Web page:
This chapter starts with the introduction of the current phenomena container terminal industry, followed by a review on the history of containerization and presentation of element of container. Backgrounds of the case study container terminal are presented next followed by discussion of the problem statement in the case study container terminal. Objective of the study also discussed followed by scope of this study and contribution of this study also presented. This chapter finally briefly summarizes the organization of this thesis.
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Introduction of container terminal
A container terminal is a facility where containers are transhipped from one mode of transport to another. The transhipment can be between vessels or barges and land vehicle which is can be described as a maritime container terminal. Alternatively the transhipment between land vehicles for example wagon and truck described as an inland container terminal. Container terminal has gone forward from being a simple loading and unloading points to imperative hubs in an industrial. Nowadays, container terminals represent a key actor in the global shipping network (Vacca, Bierlaire and Salani, 2007). In addition, containers terminals are not only simply connect between transportation modes, also represent the site where several market players do trading by using maritime transportation for business.
According to Vacca et al. (2010) and Lee, Chew, Tan and Han (2006) a container terminal is the zone where vessels berth and containers are unloaded, loaded and stored in the yard. Figure 1.1 illustrates the main subsystems and operation in container terminal.
Figure 1.1: The main subsystems in a container terminal (Henesey, 2006).
Today’s world trading and transportation of goods makes the usage of containers becomes very importance. The increase in the trade volumes, containerized shipping is expected to increase its importance along the transport chains and will be the backbone of international trade (Shinas and Papadimitriou, 2003). The total number of full containers shipped internationally is expected to grow to 235.7 million TEU by 2015, up from 113.6 million TEU in 2005 (the base year for the cargo forecasts) and the compound growth rate between the period 2005 until 2015 is 7.6 per cent per annum, decreasing from 9.0 per cent per annum in the period of 1980 to 2005 (UNESCAP, 2007).
The increasing of containers movement was lead to the introduction of the large vessels where put a pressure on the container terminal. Larger vessels needs more deeper wharf, more larger container yard in order to store the containers temporarily and also need more equipment to load and unload the containers from the vessel. Without efficient services, it will induce the congestion and delay in the container terminal operations.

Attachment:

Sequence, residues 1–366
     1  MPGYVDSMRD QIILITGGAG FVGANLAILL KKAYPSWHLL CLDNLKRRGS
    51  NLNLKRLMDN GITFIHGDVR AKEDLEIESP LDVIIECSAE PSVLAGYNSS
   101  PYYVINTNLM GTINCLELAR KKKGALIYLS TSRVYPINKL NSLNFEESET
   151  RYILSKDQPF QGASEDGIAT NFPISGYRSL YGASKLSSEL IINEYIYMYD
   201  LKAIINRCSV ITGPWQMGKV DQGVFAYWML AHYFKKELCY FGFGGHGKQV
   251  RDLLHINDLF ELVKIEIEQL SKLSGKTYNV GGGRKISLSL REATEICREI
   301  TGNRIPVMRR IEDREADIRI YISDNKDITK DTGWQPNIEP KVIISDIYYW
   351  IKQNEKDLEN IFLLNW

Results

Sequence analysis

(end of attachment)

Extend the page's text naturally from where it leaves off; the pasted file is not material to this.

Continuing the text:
Congestion and delay will interrupt the overall terminal operations and will cause the inefficiencies of container terminal activities. From the perspective of an expert, in order to reduce the congestion and give the best services to huge vessels as well as give customer’s satisfaction, the container terminal must improve the effectiveness and efficiency of the container terminal. Investment on terminal expansion is very expensive and will be risky if detailed planning and understanding of the container terminal currently not done.
Congestion and delay gives a tremendous impact to the terminal operation and reduces the reputation if the terminal fails to give efficient and effective services. Congestion also will lead to the destruction of the terminal itself, if unable to serve the huge containers capacities and serving mega vessels but also will lose its customers.
History of containers
Since thousands of years before, mankind has shipped goods across the oceans, from one land to another. They brought home food, jewels and materials that their countrymen had never seen before. But, the process was never easy. The loading and unloading of individuals goods in barrels, sacks and wooden crates from land transport to ship and back again on arrival was slow and complicated. Even up to the second half of the 20th Century, this “break -bulk” system was still in use and cargo was often carried by passenger vessels as well as later by general cargo vessels.
Loading and unloading was very labour intensive: a vessel might easily spend more time in port than at sea while dockworkers manhandled cargo into and out of tight spaces below decks. There was also high risk of accident, loss and theft. There were some basic systems to make the process more efficient, such as the use rope for bundling timber, sacks for carrying coffee beans, and pallets for stacking and transporting bags or sacks. However, industrial and technological advances highlighted the inadequacies of the cargo shipping system. The transfer of cargo from trains to ships and vice versa became a real problem.